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How To Avoid Using APIs On A Client’s Website

Finally, someone said it. It just so happens that the person who said it is me, Brenden The Marketer. 

 

I have been coding websites since I was 11, it was my hobby. No I wasn’t popular in school, Why do you ask? 

 

Anyways, coding can be amazing, but what is more amazing is WordPress and using pre-made templates to achieve beautifully designed websites. 

 

The less I have to code, the better. However; sometimes with client’s requests I have to add certain functionalities to the websites I develop to meet the business’ requirements. 

 

This step in the project always happens without fail, so much so, that I began accounting for headaches before the project begins.

 

Does this sound like you? You run into a roadblock with your client’s website, spend 5-6 hours trying to research a fix or a workaround. Then you give up and start again the next day, and are able to fix it or create the functionality you need within the first hour? Sound familiar? 

 

Well I can almost always count on running into issues and I can also almost always count on being able to solve those issues eventually. It always happens, never have I ever not been able to deliver a website project exactly to the client’s specifications. 

 

“Brenden get to the point”. I know, I know, I’m getting there. The common denominator in these complications are usually APIs. A coder’s worst nightmare. Before my career is over I am going to burn down all the APIs and everything is going back to the basics. 

 

Just kidding! But I wanted to share some tips I found for workarounds from APIs. Ways to achieve the same functionalities but without APIs. 

  • Draw out the process of the functionality you are trying to achieve
  • Research third-party applications that can help you achieve the desired functionality 
  • Clear your head and revisit the project later 
  • Consult with a developer colleague who may have ran into a similar issue 
  • If none of these work for you, it’s time to man up and start coding!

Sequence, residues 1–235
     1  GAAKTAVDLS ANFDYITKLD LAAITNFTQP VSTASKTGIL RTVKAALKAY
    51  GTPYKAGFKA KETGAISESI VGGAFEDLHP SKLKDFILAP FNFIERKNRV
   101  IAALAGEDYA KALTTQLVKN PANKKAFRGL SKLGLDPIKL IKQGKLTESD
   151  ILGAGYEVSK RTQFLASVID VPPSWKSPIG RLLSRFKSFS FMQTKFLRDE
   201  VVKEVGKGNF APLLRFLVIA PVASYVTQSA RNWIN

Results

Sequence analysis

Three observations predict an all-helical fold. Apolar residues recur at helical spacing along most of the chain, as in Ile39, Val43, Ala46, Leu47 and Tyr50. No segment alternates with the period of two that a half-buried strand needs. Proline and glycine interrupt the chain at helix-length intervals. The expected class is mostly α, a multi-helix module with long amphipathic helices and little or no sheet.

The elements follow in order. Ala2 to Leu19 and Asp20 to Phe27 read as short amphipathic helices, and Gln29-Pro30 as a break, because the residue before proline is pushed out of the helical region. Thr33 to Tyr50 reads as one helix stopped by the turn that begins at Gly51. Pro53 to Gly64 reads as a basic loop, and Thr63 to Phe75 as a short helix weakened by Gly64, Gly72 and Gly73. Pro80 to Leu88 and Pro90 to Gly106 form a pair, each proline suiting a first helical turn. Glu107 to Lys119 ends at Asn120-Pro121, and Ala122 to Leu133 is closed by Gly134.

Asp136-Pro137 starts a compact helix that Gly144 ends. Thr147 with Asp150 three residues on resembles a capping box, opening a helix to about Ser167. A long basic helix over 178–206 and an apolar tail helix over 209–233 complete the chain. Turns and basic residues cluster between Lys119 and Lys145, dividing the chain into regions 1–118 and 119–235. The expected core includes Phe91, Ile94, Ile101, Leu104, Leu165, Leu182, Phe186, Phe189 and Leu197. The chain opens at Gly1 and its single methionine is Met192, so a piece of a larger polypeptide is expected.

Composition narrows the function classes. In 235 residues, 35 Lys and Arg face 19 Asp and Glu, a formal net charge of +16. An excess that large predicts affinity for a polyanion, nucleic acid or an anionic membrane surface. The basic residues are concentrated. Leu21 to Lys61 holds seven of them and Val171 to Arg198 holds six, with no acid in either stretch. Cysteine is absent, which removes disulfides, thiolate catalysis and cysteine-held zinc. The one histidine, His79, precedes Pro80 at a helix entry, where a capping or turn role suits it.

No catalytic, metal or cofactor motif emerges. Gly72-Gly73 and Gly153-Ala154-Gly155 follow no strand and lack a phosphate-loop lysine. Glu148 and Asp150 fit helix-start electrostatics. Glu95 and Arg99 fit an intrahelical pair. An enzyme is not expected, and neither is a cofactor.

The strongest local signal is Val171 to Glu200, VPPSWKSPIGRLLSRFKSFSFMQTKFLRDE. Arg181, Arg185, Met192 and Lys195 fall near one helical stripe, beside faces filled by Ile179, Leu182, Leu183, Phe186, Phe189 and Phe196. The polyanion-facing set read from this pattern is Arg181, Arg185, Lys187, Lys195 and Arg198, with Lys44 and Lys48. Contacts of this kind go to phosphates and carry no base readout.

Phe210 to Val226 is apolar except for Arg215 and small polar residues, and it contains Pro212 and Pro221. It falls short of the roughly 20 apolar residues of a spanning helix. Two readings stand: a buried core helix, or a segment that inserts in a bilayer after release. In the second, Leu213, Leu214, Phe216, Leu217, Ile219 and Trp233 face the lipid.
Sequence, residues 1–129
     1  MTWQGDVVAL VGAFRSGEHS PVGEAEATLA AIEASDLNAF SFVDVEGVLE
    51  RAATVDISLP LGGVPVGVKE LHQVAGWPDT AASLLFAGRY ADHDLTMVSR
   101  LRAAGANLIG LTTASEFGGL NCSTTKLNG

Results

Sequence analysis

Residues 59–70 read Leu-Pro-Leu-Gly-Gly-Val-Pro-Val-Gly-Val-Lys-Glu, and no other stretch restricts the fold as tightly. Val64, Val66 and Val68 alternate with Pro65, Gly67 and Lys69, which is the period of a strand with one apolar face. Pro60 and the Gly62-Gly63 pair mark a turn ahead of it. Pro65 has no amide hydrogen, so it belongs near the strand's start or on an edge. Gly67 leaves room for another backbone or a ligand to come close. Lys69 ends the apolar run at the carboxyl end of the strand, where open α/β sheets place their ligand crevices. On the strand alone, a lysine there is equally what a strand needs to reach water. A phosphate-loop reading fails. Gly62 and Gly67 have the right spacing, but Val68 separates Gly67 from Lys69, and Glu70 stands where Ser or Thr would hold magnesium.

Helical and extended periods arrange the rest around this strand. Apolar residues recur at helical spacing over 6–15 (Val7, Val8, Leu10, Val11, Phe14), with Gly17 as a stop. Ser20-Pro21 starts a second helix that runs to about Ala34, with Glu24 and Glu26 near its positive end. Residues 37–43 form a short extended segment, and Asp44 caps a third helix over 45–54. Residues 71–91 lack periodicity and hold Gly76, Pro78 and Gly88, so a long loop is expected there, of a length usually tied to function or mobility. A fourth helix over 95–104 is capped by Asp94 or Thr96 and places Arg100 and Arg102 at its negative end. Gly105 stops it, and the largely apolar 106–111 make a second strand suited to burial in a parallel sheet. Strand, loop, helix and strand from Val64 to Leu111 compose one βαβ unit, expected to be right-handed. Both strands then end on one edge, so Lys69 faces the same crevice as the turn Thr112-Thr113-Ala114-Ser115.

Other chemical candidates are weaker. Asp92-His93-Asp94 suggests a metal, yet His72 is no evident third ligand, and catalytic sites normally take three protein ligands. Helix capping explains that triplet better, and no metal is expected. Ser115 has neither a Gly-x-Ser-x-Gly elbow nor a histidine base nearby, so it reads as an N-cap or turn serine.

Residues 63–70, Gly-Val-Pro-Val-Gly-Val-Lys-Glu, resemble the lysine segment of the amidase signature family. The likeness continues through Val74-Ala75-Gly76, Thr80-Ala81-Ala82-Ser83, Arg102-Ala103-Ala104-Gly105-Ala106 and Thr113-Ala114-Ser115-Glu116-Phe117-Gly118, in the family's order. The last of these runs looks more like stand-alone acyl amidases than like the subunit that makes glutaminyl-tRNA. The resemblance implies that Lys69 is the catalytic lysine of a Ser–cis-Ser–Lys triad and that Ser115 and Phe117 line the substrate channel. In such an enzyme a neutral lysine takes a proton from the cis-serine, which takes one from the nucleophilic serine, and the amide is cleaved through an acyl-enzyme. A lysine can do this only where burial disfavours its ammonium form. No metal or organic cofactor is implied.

• Draw out the process of the functionality you are trying to achieve

Sometimes for me, if I visually see the steps the website needs to take to achieve the desired functionality, I can uncover several alternate options to do the same thing. I just need to step back and look at the flowchart to realized I have been looking too closely at it and stuck on an API. 

 

  • Research third-party applications that can help you achieve the desired functionality 

Another really quick solution is to break up the functionality into steps and researching for third party applications to help you achieve each step. Depending on how many steps there are, it may be worth it to just figure out the API code. 

 

  • Clear your head and revisit the project later 

Sometimes, we are just burnt out and going in circles. I can’t say how many times I quit on a project because I was frustrated, then revisited the next day with a clear head and was able to fix the problem within an hour. This should be an action step you take instead of googling or YouTubing more videos, trying to find a fix. If you do step 1 and 2, then put everything down for the day and revisit the next day, I guarantee you will be closer to a solution for your client. 

 

  • Consult with a developer colleague who may have ran into a similar issue 

When in doubt, reach out. Are you the only developer you know? I sure hope not. Try to reach out to your network to see if anyone has encountered a similar issue and can point you in the right direction. There are great Facebook groups you can join that are communities of developers answering other developers’ questions. This is a great resource and can help either identify a solution or find a contractor to fix it for you. 

 

  • If none of these work for you, it’s time to man up and start coding! 

Okay so APIs were clearly invented for a reason and they work well. There comes a point to where you just need to take a deep breath and start coding the API. It will be confusing but as most developers know, most code in 2020 has already been written and you just need to know what and where to copy and paste. If the project is taking too much time it may be worth it to hire a separate developer to just add the APIs functionality. 

 

So there you have it. I know this article wasn’t much help solving the issue but most of our clients don’t care about the nitty-gritty backend efforts, just the finished project. There is usually a workaround with APIs but the sad truth is sometimes there is not and you have to include the API on your website. 

 

Let me know if this article helped you! I wrote it hoping the next time a developer is stuck on a project this may shed some light on how to overcome the obstacle. 

 

My name is Brenden The Marketer, I am based out of St. Pete Florida and I sell your products so you don’t have to. If you need help with your sales, reach out, and let’s continue the conversation!

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